How Do You Determine If a Lawyer Is Legitimate or Certified By a State Bar?

There are many thousands of lawyers who are currently certified to practice law in the United States. Each state issues its own "bar" examination to control the quality of the lawyers who wish to practice within its borders. Although most of these bar exams are similar in nature, each one requires an intensive study period. For most lawyers, this period ranges between two weeks and two months.

Once a lawyer has passed the bar in the state in which he wishes to practice, he is certified to assume the full duties of a lawyer in that jurisdiction. If he wishes to transfer this certification to another state, he must pass the bar exam in that jurisdiction. Since this requires tremendous effort and may present a number of logistical hurdles for a certified lawyer, it's relatively rare for a lawyer to be bar-certified in more than three states. However, certain rules and regulations permit lawyers who are certified in specific states to solicit clients in other states. Many of these lawyers are members of the state bars of New York and California.

If you're looking for a reputable lawyer, you'll need to conduct a cursory check of his or her credentials. There are two obvious means by which you can confirm such legal credentials. The first involves checking with your state bar to determine whether the lawyer in whom you're interested is permitted to practice law there. In most cases, you'll be able to do this simply by navigating to your state bar's website and scanning its up-to-date list of bar-certified lawyers.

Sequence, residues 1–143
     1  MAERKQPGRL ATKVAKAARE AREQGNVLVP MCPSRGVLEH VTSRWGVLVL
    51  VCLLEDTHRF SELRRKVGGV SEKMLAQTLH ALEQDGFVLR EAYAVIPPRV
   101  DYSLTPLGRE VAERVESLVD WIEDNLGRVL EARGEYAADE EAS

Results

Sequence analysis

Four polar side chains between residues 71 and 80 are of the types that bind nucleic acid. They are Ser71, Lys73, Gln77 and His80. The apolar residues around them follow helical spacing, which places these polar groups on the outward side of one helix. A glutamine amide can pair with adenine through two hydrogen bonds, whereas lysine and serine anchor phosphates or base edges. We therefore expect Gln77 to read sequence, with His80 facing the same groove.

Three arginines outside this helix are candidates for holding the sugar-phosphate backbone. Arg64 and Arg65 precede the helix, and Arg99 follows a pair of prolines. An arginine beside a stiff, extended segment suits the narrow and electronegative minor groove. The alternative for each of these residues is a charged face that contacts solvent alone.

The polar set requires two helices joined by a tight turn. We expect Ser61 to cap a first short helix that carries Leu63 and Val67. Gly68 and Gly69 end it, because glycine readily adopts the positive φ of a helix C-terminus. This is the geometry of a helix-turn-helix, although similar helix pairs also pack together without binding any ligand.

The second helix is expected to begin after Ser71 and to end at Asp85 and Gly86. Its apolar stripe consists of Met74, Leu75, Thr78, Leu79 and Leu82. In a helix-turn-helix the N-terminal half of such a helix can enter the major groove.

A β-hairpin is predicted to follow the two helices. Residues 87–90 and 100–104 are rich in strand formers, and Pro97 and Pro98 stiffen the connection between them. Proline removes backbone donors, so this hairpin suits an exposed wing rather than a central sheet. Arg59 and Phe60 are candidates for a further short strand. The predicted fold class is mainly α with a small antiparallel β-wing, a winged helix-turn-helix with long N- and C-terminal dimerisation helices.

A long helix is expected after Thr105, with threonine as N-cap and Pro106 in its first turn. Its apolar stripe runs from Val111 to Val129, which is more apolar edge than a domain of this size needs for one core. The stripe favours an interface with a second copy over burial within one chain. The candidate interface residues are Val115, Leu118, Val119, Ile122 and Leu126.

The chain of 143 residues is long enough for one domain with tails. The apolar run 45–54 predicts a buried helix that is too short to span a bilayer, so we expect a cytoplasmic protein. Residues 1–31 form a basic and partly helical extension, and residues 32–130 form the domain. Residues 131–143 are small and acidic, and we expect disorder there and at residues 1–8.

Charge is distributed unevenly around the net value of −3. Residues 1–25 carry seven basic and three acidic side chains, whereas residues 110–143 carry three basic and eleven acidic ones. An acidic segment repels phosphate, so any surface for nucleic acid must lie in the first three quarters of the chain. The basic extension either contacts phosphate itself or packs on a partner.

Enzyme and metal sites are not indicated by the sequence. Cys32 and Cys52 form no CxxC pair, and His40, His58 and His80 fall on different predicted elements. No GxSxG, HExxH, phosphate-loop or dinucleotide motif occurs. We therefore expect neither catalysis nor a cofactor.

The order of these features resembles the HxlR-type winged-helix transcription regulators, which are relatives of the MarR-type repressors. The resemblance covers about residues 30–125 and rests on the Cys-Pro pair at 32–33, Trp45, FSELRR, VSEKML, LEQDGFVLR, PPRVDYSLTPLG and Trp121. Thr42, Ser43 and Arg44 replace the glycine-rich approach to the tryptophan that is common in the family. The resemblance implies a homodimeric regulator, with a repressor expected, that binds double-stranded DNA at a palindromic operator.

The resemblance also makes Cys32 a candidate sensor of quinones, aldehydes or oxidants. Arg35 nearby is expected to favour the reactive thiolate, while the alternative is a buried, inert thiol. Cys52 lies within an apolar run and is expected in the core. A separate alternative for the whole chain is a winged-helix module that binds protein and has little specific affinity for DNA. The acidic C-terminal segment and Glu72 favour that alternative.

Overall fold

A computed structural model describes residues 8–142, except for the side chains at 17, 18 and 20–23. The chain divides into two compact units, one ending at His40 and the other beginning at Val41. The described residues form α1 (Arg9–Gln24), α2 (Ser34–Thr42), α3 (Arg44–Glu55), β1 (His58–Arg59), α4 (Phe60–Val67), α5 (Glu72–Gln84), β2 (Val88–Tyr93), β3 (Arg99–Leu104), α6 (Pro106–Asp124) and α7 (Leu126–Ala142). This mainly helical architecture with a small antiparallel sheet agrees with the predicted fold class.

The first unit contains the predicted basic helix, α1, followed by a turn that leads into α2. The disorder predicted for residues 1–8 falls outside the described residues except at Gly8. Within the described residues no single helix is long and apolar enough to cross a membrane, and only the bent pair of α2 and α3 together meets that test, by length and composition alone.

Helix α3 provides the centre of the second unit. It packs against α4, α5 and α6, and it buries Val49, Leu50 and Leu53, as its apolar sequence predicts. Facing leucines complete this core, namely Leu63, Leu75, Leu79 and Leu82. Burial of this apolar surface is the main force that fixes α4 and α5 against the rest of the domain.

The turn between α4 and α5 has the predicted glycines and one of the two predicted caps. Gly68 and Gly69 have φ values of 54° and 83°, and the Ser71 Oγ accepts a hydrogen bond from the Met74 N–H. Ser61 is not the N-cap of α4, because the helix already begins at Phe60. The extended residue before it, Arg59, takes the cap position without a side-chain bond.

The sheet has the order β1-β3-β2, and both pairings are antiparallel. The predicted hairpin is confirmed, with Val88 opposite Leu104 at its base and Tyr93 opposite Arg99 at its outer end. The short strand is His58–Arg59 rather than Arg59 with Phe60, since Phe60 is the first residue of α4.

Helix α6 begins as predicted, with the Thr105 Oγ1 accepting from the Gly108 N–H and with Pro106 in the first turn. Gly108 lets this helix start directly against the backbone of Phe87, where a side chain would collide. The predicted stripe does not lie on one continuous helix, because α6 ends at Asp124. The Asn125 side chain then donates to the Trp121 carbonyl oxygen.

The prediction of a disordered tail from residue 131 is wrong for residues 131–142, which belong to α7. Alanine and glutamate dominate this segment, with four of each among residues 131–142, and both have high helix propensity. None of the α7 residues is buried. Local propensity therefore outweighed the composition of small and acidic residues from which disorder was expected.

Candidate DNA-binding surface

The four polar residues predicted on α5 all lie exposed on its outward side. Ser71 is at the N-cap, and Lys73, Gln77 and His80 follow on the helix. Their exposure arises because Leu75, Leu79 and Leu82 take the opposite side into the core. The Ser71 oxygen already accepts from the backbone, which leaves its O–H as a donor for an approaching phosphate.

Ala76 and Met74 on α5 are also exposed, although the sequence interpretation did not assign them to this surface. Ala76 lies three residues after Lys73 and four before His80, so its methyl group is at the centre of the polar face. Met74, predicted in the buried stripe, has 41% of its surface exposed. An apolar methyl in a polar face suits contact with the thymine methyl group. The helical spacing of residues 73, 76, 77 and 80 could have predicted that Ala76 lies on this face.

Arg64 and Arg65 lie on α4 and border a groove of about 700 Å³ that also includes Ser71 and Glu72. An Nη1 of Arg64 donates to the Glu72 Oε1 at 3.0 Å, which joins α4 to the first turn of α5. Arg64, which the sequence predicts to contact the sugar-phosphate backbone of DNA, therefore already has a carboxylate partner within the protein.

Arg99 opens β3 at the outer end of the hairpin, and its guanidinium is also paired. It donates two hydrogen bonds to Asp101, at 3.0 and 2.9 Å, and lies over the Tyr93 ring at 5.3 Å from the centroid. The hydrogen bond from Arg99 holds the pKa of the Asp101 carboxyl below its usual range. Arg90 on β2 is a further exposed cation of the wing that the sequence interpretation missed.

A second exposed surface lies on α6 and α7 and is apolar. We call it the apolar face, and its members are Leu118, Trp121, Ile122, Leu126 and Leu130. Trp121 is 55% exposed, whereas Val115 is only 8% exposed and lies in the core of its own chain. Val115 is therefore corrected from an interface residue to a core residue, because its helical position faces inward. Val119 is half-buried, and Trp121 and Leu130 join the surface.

The second involves confirming the lawyer's educational credentials. To do this, you'll need to contact the law school from which the lawyer claims to have graduated to confirm that he or she attended and graduated from the institution. If it's not possible to conduct such a check online, you may have to call or visit the school.

Although bar-certified lawyers are theoretically competent, you may wish to conduct further "background" checks before agreeing to retain a lawyer. For instance, you may wish to check that the law school from which your prospective lawyer graduated is accredited by a recognizable accrediting agency. If an accredited institution is located outside of the United States, you should confirm that it conforms to the same standards set forth by reputable American accrediting agencies. Likewise, you should speak with your lawyer's previous clients to determine whether he or she is known for producing acceptable results.

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